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derer? If you do, you must have certainly lost that simplicity which was once your characteristic charm. Yet, if you will, smile at the warmth of my expressions, while I find every day new causes for repeating them.

August 19th, 17–. Yesterday the stranger said to me, “You may easily perceive, Captain Walton, that I have suffered great and unparalleled misfortunes. I had determined, once, that the memory of these evils should die with me; but you have won me to alter my determination. You seek for knowledge and wisdom, as I once did; and I ardently hope that the gratification of your wishes may not be a serpent to sting you, as mine has been. I do not know that the relation of my misfortunes will be useful to you, yet, if you are inclined, listen to my tale. I believe that the strange incidents connected with it will afford a view of nature, which may enlarge your faculties and understanding. You will hear of powers and occurrences, such as you have been accustomed to believe impossible: but I do not doubt that my tale conveys in its series internal evidence of the truth of the events of which it is composed.”

You may easily conceive that I was much gratified by the offered communication; yet I could not endure that he should renew his grief by a recital of his misfortunes. I felt the greatest eagerness to hear the promised narrative, partly from curiosity, and partly from a strong desire to ameliorate his fate, if it were in my power. I expressed these feelings in my anSW e l’.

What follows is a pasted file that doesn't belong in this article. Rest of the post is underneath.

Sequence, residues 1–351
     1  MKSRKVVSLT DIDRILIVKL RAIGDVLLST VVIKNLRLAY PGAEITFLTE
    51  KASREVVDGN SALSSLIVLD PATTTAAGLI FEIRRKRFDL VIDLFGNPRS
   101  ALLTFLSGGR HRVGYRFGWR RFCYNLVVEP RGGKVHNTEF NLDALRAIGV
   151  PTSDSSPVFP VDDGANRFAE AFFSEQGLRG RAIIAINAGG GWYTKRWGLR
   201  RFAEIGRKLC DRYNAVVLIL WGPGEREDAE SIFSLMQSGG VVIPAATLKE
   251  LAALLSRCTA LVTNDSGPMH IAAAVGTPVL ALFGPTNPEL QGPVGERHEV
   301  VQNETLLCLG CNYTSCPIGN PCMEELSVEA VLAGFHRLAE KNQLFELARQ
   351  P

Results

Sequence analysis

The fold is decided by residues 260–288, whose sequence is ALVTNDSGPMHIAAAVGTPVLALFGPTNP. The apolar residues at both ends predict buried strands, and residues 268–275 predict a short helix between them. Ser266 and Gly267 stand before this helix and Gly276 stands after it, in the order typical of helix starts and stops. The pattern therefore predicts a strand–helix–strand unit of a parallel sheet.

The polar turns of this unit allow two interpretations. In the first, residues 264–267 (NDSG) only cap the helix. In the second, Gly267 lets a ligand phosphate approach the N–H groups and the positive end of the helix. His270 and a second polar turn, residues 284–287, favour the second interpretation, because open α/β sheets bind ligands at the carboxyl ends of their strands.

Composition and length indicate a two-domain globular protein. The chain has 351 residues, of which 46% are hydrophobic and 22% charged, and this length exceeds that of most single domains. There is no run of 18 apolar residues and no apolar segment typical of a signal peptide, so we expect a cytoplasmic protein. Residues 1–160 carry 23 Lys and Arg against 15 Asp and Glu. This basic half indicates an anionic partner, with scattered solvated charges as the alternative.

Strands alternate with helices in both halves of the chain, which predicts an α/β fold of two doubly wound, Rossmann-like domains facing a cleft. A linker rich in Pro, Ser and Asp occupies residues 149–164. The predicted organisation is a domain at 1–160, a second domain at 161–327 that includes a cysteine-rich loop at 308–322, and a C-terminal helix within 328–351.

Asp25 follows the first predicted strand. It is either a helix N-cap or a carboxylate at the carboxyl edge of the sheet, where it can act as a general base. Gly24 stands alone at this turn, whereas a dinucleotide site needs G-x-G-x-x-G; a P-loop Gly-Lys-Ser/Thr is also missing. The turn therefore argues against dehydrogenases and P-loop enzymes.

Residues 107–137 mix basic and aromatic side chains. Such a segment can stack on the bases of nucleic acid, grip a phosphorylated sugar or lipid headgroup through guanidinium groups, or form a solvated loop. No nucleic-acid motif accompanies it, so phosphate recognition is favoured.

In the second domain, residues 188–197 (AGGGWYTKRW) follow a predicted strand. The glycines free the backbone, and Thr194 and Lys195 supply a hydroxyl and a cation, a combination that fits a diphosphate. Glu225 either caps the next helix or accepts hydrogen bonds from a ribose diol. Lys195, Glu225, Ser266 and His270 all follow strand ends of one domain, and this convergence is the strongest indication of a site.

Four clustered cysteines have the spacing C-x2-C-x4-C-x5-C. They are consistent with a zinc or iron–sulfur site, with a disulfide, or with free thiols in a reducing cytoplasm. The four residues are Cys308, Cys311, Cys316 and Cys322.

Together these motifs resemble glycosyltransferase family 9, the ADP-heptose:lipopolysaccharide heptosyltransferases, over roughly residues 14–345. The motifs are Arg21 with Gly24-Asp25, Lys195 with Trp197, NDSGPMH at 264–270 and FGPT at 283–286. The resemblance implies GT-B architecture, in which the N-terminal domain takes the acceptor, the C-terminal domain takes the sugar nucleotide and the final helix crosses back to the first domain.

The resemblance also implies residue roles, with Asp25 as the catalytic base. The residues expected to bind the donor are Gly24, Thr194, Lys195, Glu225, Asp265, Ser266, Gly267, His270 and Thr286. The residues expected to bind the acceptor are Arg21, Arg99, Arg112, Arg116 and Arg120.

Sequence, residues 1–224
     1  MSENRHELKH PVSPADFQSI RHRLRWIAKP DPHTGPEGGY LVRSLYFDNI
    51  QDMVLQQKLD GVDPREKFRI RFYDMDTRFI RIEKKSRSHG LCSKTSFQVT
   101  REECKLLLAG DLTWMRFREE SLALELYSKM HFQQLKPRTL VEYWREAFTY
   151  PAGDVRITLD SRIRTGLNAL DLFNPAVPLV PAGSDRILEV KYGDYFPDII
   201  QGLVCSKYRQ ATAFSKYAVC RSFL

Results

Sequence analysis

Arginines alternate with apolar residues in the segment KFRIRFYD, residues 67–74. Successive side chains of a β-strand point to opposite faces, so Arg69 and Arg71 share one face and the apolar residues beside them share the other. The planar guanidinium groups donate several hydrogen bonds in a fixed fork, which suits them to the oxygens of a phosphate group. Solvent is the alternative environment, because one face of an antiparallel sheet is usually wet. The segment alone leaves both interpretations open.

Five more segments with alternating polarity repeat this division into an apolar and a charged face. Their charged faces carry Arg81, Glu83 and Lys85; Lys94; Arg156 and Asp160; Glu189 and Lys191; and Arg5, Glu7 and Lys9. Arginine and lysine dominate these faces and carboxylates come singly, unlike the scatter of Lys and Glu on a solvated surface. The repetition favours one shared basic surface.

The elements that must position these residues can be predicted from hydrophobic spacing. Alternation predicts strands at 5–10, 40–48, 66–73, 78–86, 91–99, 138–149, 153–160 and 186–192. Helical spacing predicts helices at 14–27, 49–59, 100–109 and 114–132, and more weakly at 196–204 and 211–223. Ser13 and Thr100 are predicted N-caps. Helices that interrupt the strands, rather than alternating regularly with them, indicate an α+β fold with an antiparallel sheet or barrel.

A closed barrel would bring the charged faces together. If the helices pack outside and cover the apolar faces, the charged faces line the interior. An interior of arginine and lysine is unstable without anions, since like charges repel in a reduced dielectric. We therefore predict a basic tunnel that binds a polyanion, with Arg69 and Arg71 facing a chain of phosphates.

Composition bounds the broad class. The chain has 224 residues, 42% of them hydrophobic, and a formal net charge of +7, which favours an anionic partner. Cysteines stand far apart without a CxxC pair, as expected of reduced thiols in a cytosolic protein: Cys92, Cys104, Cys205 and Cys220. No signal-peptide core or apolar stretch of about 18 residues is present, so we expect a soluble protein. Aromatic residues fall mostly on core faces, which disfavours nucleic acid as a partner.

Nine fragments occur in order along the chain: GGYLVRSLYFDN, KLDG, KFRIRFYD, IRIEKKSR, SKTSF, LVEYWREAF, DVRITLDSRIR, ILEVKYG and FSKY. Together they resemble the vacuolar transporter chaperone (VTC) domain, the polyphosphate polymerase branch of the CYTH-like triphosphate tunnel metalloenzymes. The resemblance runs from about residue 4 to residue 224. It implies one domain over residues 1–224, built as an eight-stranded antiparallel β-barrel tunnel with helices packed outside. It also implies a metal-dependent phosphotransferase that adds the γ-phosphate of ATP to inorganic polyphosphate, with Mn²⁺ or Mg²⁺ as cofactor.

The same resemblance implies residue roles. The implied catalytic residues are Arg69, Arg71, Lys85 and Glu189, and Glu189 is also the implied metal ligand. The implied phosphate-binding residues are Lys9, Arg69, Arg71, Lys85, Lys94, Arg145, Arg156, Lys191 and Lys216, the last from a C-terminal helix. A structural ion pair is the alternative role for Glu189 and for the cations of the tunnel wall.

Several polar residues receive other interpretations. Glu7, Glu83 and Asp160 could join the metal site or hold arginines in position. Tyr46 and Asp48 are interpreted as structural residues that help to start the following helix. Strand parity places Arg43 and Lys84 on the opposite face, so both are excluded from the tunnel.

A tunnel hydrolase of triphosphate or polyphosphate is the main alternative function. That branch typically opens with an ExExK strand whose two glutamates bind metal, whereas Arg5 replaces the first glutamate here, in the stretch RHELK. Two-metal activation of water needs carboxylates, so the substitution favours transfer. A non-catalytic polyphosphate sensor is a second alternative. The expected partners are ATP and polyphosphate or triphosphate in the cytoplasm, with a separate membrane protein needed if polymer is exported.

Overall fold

“ I thank you,'

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he replied, “ for

your sympathy, but it is useless; my fate is nearly fulfilled. I wait but for one event, and then I shall repose in peace. I understand your feeling,” continued he, perceiving that I wished to interrupt him ; “but you are mistaken, my friend, if thus you will allow me to name you; nothing can alter my destiny: listen to my history, and you will perceive how irrevocably it is determined. He then told me, that he would commence his narrative the next day when I should be at leisure. This promise drew from me the warmest thanks. I have resolved every night, when I am not engaged, to record, as nearly as possible in his own words, what he has related during the day. If I should be engaged, I will at least make notes. This manuscript will doubtless afford you the greatest pleasure: but to me,

who know him, and who hear it from his own lips, with what interest and sympathy shall I read it in some future day."

FRANKENSTEIN;

OR,

THE MODERN PROMETHEUS.

CHAPTER I.

I AM by birth a Genevese; and my family is one of the most distinguished of that republic. My ancestors had been for many years counsellors and syndics; and my father had filled several public situations with honour and reputation. He was respected by all who knew him for his integrity and indefatigable attention to public business. He passed his younger days perpetually occupied by the affairs of

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